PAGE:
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Sunday, September 26, 2021

‘Mumbai’s infrastructure must be aligned to new climate realities’: Dr Anjal Prakash

Dr Anjal Prakash, research director at Bharti Institute of Public Policy, Indian School of Business, and lead author of the chapter on cities, settlements and key infrastructure of the IPCC’s 6th Assessment Report and a cross chapter paper on mountains, speaks on what the IPCC’s 2021 report means for Mumbai and the city’s approach to climate change.

Written by Sanjana Bhalerao | Mumbai |
Updated: September 6, 2021 9:03:56 am
Dr Anjal Prakash (Express)

What does the 2021 IPCC report say about Mumbai?

IPCC reports are global in nature. They give us broad trends globally and their implications for different regions of the world. We can decipher the IPCC report for the city of Mumbai to draw some conclusions.

The report categorially says that due to global warming, there is a change in monsoon patterns for South Asia. The scientists, with high confidence, show that there is an increase in mean and heavy precipitation over cities and runoff is going to intensify. This means that the number of rainy days will be shorter. Mumbai must be prepared for more frequent high precipitation events in a shorter period of 2-3 days. We see glimpses of this in some of the events during this monsoon and the last couple of years.

The second aspect is due to Mumbai being a coastal city. This will mean a combination of more frequent extreme events due to sea-level rise and warming of oceans. It will lead to storm surges and extreme rainfall/river-flow events and make flooding in Mumbai more probable.

What are the red flags raised for Mumbai?

Earlier, the IPCC Special Report on the Ocean and Cryosphere in a Changing Climate (SROCC) report –the fifth assessment— which focused on oceans and cryosphere (frozen part of the world) categorically stated in 2019 that the frequency and severity of cyclones will increase. The Arabian Sea faces fewer cyclones than the Bay of Bengal. This is more because of the weather dynamics of the Arabian sea. When they do form, mostly during the post-monsoon period, they tend to go west towards Oman and the Gulf of Aden or north towards Gujarat. In 2020, it was the first time that a pre-monsoon cyclone Nisarga developed, and the landfall was near Mumbai. It brought high-intensity rainfall, but it was not as devastating as predicted. It is predicted that these cyclonic events will be more severe and will have more devastating effects on coastal cities like Mumbai in future in the wake of rapidly changing climatic conditions.

Is flooding in Mumbai only because of unprecedented and extreme rainfall events which are triggered by climate change?

Our monsoon systems are unique in the world. They help replenish the year’s water supply with rainfall in just a couple of months. Due to its intricate understanding of the monsoon system and knowledge of water harvesting, the Indian sub-continent was called a hydraulic civilization. It is but natural that during the monsoon, rivers tend to swell in their floodplains, lakes and wetlands to retain excess surface runoff. Our habitations, in the past, were designed around the understanding of natural drainage systems. Over the years, we have built our cities without understanding the natural water flow systems. Climate change is a force multiplier. It is topping up on the bad urban planning system which has discarded environmental planning. So, in my view, flooding in Mumbai is both bad environmental management and a climate change effect. Mumbai must gear up and make its infrastructure climate resilient.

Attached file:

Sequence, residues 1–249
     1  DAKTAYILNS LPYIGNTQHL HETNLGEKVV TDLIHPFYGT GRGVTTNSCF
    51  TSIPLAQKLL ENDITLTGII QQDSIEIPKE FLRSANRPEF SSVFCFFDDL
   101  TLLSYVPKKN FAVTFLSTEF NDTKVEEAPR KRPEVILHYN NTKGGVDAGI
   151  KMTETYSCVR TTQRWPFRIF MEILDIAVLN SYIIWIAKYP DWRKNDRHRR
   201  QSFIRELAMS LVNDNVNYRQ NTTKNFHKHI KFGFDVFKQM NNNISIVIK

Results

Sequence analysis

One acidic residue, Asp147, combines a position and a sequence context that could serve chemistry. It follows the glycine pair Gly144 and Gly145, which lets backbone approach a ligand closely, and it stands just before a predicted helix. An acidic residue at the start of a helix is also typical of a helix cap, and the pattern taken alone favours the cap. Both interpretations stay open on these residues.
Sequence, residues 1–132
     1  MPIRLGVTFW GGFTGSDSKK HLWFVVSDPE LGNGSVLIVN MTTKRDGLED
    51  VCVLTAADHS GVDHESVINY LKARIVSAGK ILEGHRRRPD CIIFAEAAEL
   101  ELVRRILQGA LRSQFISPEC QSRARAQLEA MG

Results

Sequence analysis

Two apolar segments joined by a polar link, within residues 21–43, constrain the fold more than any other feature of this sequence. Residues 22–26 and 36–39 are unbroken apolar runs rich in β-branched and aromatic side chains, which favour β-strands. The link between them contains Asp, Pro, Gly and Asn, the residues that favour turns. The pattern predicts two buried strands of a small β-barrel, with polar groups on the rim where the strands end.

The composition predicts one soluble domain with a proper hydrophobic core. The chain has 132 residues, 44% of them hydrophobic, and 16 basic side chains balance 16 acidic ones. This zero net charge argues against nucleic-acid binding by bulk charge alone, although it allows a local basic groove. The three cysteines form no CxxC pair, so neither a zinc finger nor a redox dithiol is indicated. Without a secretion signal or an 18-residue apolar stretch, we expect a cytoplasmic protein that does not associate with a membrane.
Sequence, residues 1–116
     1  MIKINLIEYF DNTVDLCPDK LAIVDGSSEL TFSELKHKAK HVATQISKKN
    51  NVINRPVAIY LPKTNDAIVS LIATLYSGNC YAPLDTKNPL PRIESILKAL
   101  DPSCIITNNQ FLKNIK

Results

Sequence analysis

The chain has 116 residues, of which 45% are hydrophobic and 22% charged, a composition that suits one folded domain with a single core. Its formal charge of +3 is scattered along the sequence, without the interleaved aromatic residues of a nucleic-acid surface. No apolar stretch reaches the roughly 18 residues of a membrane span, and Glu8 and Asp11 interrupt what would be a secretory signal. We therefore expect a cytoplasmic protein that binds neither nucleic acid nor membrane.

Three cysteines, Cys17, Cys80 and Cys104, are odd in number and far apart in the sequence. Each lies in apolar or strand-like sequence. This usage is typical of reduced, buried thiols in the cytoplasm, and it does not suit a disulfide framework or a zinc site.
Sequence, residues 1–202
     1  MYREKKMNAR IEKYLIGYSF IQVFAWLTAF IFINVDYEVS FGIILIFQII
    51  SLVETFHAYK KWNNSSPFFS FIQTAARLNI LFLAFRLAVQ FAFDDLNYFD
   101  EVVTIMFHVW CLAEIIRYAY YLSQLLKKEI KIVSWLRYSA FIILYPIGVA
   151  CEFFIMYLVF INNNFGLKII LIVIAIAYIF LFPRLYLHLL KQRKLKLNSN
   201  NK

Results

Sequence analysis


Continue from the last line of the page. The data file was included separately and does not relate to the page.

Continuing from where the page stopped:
What are the problems with our climate change adaptation and mitigation approach?

The problem is that all our responses to these freak weather events are knee-jerk. We wake up after the incident and there is a lack of preparedness. We must focus on a climate action plan for the city of Mumbai as these unprecedented events will become the order of the day in future, as predicted by IPCC reports.

What should be the components of the Mumbai climate change plan?

Mumbai’s infrastructure must be aligned to the new climate realities, and plans must be amended before it is too late. IPCC’s report is flagging code red for humanity if urgent action is not taken in the next 10-20 years. There are two ways to cope with this process. The first is to adapt and the second is to mitigate. Adaptation is an immediate and short-term process while mitigation is a long-term goal.

The severity of monsoon precipitation and cyclones, for example, is very unpredictable and variable in climate change scenarios, so it would be very difficult to predict its gravity in advance. Scientists can only observe the cyclone and provide broad trends. All our infrastructure projects must take the natural drainage system into account. For example, the mangrove forests that surrounded many parts of Mumbai city have been systematically destroyed to build more. The mangrove forests were the first line of defence for the city against cyclones. Many natural water bodies have been filled up and housing societies have come up. This is over and above the inadequate drainage and waste disposal system, loss of ponds that used to hold the city’s water, encroachments by illegal construction, etc.

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